Beat the Reaper
Little, Brown & Company
Hachette Book Group
Unabridged, 6CD, 7hrs
Read by Robert Petkoff
Set in Manhattan’s worst hospital, Josh Bazell paints a dismal, picture for the main character, intern, Dr. Peter Brown. Working long hours, surrounded by an uncaring, overworked staff, that are unaffected and uninvolved, he finds himself waging a one man war to help his patients beat the reaper. But for Peter Brown, the war is much more personal, he too is trying to outrun or outwit death…and Brown knows all too well, that the reaper has many faces.
Through flashbacks and memory spurts, we learn Peter Brown a.k.a. Pietro Brnwa is hiding more than a few skeletons in his hospital locker. Rescued from his neglectful parents by doting, devoted grandparents only to see them brutally murdered at the tender age of fifteen. He became determined to a state of near obsession to find those responsible for his grandparents death. He joins the Locano Family, who quickly put his hatred and anger to work as an assassin, known as Bearclaw. Experiencing a change of heart, Pietro flips sides, entering the Witness Protection Program, from which he is now on the lam. Adding fuel to this multi-level fire, Brown is recognized by one of his new patients- the chart lists him as Mr. LoBrutto, but this long time mafia associate was at one time known as, Eddy Squillante and he harbors a deep grudge against the good Doctor Brown and knows numerous other mobsters who would kill him on sight.
This edgy story is littered with street humor, that borders on crude at times and yet it is perfectly suited for the depressing, death trap hospital scenario Bazell has designed as Brown’s stomping-group through-out “Beat the Reaper.” The mature language and detailed violence are not suited for younger audiences or those who are offended easily by brash, over-the-top cursing and blood, guts and gore. It says something about the author’s ability to write the material and the narrator’s ability to convey it that this one needs a “Mature Content” warning label. However, as most adults will agree some things are for children and others are not –and that’s okay – ….”Beat the Reaper” is a grown up tale that will having you snickering one second and out right laughing the next. So, if you are looking for a good story to take you away from the ordinary for a few hours, Beat the Reaper is an excellent choice.
I am looking forward to Josh Bazell’s future works!
Paperback available September 14, 2009
LISTEN TO A SAMPLE CLIP
from Beat the Reaper by Josh Bazell
The Brass Verdict
Unabridged, 10CDs, 11.5hrs
Read by Peter Giles
Hardcover, 432 Pages
Little, Brown & Company
New York Times Bestselling author Michael Connelly takes a leap of literary faith uniting two well known characters in one novel and lands softly amid adoring fans and rave reviews. Actor Peter Giles narrates, bringing the characters to life with special wording, accents and voice inflections, individualizing each, making the characters recognizable and believable.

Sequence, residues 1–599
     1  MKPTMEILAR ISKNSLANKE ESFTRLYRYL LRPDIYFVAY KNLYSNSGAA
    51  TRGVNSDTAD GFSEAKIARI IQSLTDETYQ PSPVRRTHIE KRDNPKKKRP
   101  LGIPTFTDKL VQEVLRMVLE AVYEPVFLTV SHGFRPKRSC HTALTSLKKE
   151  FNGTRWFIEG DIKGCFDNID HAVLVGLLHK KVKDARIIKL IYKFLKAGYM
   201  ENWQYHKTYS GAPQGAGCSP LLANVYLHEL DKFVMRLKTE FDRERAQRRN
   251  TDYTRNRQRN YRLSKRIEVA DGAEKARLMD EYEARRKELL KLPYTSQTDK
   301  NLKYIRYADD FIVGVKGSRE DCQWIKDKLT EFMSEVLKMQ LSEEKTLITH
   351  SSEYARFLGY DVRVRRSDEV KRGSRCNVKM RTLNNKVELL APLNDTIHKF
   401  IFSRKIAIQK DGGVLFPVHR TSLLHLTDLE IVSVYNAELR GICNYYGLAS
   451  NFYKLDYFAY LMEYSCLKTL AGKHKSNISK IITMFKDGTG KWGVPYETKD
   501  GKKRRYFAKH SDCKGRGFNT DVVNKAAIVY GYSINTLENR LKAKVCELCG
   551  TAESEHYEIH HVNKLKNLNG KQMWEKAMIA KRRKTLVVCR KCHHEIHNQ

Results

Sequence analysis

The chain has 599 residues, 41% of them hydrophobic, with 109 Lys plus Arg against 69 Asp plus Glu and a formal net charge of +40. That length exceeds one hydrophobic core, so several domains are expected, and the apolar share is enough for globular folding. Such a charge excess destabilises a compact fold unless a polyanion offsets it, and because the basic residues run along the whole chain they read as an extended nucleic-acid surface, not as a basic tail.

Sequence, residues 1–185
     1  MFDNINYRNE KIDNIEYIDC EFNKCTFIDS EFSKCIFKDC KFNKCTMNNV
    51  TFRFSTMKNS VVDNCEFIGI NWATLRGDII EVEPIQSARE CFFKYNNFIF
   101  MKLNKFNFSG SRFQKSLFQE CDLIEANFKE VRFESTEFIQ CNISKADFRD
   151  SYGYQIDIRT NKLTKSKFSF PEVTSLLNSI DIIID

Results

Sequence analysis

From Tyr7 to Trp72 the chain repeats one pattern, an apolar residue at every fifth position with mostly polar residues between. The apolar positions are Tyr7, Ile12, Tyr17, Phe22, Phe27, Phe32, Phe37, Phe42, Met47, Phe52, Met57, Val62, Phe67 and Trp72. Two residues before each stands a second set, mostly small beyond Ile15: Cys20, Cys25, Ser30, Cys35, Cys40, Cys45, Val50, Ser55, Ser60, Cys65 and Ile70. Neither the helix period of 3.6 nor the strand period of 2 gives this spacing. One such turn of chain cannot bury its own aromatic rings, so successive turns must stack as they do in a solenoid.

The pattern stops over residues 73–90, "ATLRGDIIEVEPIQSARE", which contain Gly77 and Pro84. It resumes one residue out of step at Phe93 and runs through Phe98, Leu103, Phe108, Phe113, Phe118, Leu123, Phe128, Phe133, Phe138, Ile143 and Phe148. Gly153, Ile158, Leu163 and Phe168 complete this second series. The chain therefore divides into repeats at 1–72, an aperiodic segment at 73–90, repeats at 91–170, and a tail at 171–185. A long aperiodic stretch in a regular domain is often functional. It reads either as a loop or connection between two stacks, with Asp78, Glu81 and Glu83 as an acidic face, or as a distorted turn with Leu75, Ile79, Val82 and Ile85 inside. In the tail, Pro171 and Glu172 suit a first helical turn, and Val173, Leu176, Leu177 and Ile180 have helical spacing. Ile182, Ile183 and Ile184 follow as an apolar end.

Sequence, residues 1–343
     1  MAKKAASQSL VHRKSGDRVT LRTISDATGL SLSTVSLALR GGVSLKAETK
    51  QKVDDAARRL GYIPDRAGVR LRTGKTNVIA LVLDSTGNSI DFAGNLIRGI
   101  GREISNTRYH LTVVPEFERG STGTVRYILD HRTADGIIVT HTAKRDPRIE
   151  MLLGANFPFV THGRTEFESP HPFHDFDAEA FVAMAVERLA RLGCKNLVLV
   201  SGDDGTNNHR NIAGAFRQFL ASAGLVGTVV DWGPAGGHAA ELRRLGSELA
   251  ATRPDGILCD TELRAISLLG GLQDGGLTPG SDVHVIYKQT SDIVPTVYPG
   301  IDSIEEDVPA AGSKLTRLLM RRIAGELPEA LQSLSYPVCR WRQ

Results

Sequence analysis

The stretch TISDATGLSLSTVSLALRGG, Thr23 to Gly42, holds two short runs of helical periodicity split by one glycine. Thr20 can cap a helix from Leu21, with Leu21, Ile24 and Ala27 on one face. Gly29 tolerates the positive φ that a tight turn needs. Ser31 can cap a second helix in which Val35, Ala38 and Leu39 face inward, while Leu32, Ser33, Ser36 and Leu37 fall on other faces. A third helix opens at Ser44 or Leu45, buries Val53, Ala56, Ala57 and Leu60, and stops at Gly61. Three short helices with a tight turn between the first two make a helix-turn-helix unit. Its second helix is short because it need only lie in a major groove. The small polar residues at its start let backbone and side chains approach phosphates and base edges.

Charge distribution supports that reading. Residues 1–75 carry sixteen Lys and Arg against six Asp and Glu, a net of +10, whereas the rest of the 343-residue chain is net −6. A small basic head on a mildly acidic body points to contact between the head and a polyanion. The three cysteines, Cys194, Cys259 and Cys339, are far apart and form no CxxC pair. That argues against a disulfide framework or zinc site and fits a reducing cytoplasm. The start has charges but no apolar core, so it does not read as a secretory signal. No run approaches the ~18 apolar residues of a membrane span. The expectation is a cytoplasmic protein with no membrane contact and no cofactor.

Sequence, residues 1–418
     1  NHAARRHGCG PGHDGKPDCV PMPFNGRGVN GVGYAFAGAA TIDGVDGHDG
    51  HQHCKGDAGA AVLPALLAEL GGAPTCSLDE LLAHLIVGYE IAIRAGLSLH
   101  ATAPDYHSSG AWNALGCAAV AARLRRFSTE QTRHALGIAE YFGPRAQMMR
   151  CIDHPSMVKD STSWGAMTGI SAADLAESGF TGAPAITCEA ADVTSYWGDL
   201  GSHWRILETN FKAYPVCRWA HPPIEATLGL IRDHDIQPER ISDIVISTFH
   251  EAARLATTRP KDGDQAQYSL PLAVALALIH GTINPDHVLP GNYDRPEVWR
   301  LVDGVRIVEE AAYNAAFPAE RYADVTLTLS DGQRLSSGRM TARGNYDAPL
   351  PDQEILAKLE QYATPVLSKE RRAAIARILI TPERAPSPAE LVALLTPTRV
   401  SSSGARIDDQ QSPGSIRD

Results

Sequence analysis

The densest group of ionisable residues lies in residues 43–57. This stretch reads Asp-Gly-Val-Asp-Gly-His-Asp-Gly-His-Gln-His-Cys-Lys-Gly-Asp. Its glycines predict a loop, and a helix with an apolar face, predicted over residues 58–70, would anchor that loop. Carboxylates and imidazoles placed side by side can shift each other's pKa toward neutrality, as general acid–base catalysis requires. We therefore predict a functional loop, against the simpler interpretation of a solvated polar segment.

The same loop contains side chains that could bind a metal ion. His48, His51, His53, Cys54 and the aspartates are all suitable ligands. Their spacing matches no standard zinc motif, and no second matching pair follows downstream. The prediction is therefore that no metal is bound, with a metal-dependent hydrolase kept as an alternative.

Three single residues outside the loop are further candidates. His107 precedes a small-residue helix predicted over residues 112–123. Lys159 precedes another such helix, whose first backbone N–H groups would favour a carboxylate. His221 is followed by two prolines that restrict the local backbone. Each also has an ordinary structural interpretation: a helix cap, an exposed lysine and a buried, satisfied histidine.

In 2005’s The Lincoln Lawyer, we were left with Haller’s promise that he would return – and return he has…albeit divorced, estranged from his daughter and recovering from both the gun shot wound and an addiction to pain killers. With his ex-wife (Lorna) as secretary/manager and her fiancée (Cisco), as his lead investigator, Mickey plans to slowly recoup his clientele and rebuild his rolling practice. Operating a lucrative law office from the backseat of a Lincoln town car was but one of his signature tricks and he was determined to reassert himself as the quintessential Lincoln Lawyer.
But his plans for a slow comeback are fast tracked when fellow attorney Jerry Vincent is found murdered in the parking garage adjacent to his office. Summoned to a closed door meeting with Chief Judge Holder, Haller is unceremoniously informed he has inherited Vincent’s practice and is responsible for his case load. A laundry list of cases was the last thing Haller wanted, so he quickly disposed of most of them. However, there was one case he hoped to maintain – that of millionaire, studio executive Walter Elliot, accused of murdering his wife and her lover.
It would appear Vincent’s untimely demise handed Haller the goose that laid the golden egg, wrapped in box with a beautiful bow…but, then again, nothing is ever as it appears, is it?
Attorney Mickey Haller, from The Lincoln Lawyer’s and Detective Harry Bosch (33 year veteran of the police dept), from the celebrated Bosch series, share the spotlight in this murder-mystery-legal drama, sparring and teasing each other throughout with bits of carefully worded information meant to illicit more than it reveals. Forever questioning the intentions of the other, on the surface they seem to represent polar opposite points of view, but they have a great deal more in common than either is willing to acknowledge.
This novel barely scratches the proverbial literary surface of this brotherly relationship and I am anxious to see Connelly explore this further in the future.
Exciting, interesting and filled with twists that satisfy fully – “The Brass Verdict” is a solid good read!
Brass Verdict = cop slang for an execution
available August 29, ‘09